“I was at the hotel one morning working at a hospital in Missouri, noticed blood on my t-shirt, and said ‘What’s that about?’” Sitting at a high-top conference table outside the Boston Common auditorium on the fourth floor of Google’s Cambridge, MA office, Michael Preston (@Preston14) of Healthcare Triangle briskly recounted his struggle to find effective treatment for melanoma. Before he was able to eliminate the cancer with immunotherapy, he explained, he underwent chemotherapy and experienced near-fatal complications. “That medicine that I qualified for because of my gene mutation nearly killed me,” he said. “How do you get genomics to reflect how a patient will interact with a medicine, not just whether or not they qualify for that medicine based on their genomic profile?”Jonathan SheffiPreston had come to the office for a C2C Connect Live event for Healthcare and Life Sciences professionals in the Boston-Cambridge area. This last question is the same question Preston asked Jonathan Sheffi (@sheffi), a director of Product Strategy formerly of Google and Veeva Systems, who had taken the stage earlier for a presentation and panel. Sheffi’s presentation focused more broadly on use cases for cloud technology in genomics and clinical trial matching, but the content resonated with Preston enough that he was moved to share his personal experience with the rest of the group. This kind of personal connection to technical and business-related discussions is typical of the HCLS space, Preston said. “Something will resonate, whether it’s my grandmother, my grandfather, my neighbor down the street, or me. If you can’t bring your own perspective into a conversation with a client or a partner, then it’s too generic.”Sheffi agreed: “Working in healthcare and life sciences, no matter what industry you work in, everyone’s a patient, and everyone knows some patients.” Before he began working in technology, Sheffi was able to experience firsthand what it’s like to serve in a patient-facing role. “I was actually a pharmaceutical sales rep early in my career, and met patients who would come up to me and would say, ‘your drug saved my life,’” he recalled. “I feel weird taking the credit, because I didn’t develop it, I didn’t manufacture it, I was just making sure that they had access and had it available to them, but there is nothing quite like meeting a patient who’s actually been impacted by your work.” Although Sheffi has held executive-level positions at several major tech companies, he has organized his career around the opportunities he sees to serve patients and meet their needs. As he put it, “I’m here because I’m excited about what technology can do for patients.” Guests mingling before the eventThe program at the event, which included presentations from Sheffi, Google Head of Cloud Sales Engineering Yee-Chen Tjie, Taylor Lehmann, Director of the Office of the CISO at Google, and Luke Ge, an AI Solutions specialist at Intel, and a panel discussion with Ge, Tjie, and Sheffi, was largely technically focused. However, patient experience dominated the conversations that followed, which Sheffi and Preston both cited as a unique value of a community space for HCLS professionals in the tech field. “Another gentlemen talked about his parent, who had cancer,” Sheffi recalled. “He had to push for a more medically appropriate treatment option that wasn’t initially recommended by the physician.” “Working in healthcare and life sciences, no matter what industry you work in, everyone’s a patient, and everyone knows some patients.” Sheffi was referring to Raj Tuliani (@tuliani), a customer engineer with Google Life Sciences who shared his experience caring for his sick parents during the panel discussion that closed the program. “I was trying to give my perspective as a patient advocate, as a patient caregiver,” he says. “There’s a good use case for a patient advocate to use the genetic data that’s being given as a way to guide treatment, not only from the provider perspective, but from the patient side as well.” Tuliani had wanted to be a doctor from a young age, and when he started at Google he had already worked as a senior director of technology at Anthem and at Johns Hopkins, and had also taken time off from work to be a full-time caregiver to his parents. As a patient advocate, Tuliani appreciates that Google’s life sciences products are “are all about helping everyone,” with “the emphasis on helping and everyone.”A focus on patient experience is that much more impactful at an event where technical and business professionals are convening to share ideas and make new connections. Once the guests started opening up in the room during the prepared program, they were primed to engage candidly during the networking reception that followed. Making himself vulnerable in front of the others in attendance only made Preston more eager to connect one-on-one with his colleagues and peers. In the middle of describing the security risks his clients in the small- to medium-sized community hospital space face when they don’t have resources like a CISO, he caught sight of Lehmann walking past. “I’m going to go hunt him down and talk to him more,” he said. Extra Credit:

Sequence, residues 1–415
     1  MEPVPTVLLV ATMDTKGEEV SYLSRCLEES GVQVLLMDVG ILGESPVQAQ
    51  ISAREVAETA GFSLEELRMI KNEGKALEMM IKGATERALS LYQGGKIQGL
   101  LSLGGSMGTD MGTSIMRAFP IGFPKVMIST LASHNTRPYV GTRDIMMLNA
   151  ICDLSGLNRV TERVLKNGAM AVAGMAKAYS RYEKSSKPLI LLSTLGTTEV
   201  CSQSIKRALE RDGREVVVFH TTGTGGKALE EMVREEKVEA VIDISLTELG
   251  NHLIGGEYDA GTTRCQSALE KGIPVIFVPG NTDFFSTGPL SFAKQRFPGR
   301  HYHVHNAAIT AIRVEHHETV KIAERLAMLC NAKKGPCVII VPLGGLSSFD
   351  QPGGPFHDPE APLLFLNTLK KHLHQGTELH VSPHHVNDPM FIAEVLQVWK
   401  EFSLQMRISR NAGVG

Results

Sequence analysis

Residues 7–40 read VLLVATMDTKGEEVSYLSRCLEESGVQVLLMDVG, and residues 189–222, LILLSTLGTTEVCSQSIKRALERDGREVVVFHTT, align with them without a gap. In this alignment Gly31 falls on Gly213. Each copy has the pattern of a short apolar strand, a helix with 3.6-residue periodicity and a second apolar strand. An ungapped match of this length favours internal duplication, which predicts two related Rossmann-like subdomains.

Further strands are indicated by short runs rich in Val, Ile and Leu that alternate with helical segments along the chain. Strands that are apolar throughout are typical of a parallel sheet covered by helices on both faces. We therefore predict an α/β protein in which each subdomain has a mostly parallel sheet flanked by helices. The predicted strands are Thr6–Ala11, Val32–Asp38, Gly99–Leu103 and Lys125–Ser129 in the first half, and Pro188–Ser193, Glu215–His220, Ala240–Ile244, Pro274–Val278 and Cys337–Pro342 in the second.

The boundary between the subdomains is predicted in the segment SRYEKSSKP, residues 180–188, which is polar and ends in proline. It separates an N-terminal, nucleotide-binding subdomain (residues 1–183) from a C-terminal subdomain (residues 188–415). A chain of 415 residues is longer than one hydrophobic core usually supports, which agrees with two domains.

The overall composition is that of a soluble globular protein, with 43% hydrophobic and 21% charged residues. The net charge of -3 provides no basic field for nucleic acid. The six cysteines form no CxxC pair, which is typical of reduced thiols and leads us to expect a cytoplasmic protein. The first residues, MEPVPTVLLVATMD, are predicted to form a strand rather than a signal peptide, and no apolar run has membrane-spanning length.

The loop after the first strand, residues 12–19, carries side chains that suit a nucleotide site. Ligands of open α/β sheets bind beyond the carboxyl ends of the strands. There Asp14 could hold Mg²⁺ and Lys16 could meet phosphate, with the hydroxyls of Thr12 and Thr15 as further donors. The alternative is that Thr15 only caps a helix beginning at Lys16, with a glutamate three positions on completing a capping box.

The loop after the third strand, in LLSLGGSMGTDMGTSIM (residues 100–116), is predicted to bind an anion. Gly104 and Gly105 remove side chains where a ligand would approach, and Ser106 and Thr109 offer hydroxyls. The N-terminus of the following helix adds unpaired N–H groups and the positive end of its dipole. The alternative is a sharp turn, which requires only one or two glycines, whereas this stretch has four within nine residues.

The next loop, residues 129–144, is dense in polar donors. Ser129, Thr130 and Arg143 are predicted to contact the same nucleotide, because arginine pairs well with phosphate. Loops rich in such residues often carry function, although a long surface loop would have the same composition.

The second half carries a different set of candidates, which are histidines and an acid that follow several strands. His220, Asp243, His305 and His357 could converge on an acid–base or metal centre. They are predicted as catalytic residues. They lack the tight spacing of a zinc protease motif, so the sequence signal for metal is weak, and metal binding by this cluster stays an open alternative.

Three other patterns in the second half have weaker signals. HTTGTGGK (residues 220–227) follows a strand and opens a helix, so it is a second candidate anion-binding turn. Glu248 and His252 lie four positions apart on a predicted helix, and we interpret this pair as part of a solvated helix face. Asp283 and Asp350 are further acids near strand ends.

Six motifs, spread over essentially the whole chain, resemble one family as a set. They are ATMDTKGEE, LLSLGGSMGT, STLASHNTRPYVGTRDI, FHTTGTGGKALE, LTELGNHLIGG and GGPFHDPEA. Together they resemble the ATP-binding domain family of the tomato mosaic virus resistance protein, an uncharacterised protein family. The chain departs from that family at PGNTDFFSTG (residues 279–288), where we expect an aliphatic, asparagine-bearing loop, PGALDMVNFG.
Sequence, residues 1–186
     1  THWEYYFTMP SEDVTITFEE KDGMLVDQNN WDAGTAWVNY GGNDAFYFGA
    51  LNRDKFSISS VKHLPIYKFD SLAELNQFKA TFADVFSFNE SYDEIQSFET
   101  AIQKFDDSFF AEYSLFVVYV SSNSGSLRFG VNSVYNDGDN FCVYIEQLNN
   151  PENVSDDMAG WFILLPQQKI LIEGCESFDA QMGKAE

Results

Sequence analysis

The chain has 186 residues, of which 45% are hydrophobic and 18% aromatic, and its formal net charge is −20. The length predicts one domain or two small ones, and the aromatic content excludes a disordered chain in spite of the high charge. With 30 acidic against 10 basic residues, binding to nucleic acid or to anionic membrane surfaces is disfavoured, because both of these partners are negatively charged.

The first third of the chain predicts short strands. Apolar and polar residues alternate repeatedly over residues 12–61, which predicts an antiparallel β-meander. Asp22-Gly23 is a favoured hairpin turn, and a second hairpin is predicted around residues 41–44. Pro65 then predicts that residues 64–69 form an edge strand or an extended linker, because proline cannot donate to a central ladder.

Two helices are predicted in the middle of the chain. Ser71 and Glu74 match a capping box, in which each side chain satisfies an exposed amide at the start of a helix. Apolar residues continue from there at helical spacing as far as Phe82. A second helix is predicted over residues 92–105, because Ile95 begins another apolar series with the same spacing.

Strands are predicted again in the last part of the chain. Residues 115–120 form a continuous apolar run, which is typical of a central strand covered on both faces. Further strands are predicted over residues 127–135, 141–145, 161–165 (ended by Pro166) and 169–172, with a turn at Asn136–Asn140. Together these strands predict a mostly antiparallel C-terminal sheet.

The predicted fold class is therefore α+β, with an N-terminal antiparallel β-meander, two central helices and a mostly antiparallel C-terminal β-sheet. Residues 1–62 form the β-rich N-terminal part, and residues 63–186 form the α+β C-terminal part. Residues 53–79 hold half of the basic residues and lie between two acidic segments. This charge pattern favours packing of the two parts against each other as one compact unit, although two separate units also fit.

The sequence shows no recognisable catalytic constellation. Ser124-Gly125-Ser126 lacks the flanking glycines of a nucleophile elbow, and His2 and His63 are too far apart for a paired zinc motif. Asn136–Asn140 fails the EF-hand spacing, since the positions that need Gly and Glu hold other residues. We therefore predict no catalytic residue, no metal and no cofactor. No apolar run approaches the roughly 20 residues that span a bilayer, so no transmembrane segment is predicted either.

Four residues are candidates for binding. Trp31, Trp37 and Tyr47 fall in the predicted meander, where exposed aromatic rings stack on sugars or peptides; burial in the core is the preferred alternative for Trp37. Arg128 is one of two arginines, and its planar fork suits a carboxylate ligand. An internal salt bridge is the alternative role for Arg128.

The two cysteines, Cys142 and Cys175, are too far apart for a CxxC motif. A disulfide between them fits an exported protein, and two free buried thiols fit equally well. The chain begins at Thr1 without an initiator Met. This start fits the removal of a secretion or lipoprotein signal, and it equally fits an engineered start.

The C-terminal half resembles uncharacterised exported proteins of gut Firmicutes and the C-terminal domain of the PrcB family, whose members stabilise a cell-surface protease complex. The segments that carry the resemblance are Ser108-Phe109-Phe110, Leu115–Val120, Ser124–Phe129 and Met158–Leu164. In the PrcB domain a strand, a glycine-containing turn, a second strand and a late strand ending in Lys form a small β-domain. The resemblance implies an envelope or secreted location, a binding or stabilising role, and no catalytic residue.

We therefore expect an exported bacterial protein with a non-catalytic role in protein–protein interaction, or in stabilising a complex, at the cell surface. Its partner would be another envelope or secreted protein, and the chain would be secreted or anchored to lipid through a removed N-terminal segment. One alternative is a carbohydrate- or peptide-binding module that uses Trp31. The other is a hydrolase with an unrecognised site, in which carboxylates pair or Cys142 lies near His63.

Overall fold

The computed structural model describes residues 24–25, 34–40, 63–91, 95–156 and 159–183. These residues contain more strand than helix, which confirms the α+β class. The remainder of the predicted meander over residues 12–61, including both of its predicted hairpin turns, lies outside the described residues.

Categories:Industry SolutionsC2C NewsHealthcare and Life Sciences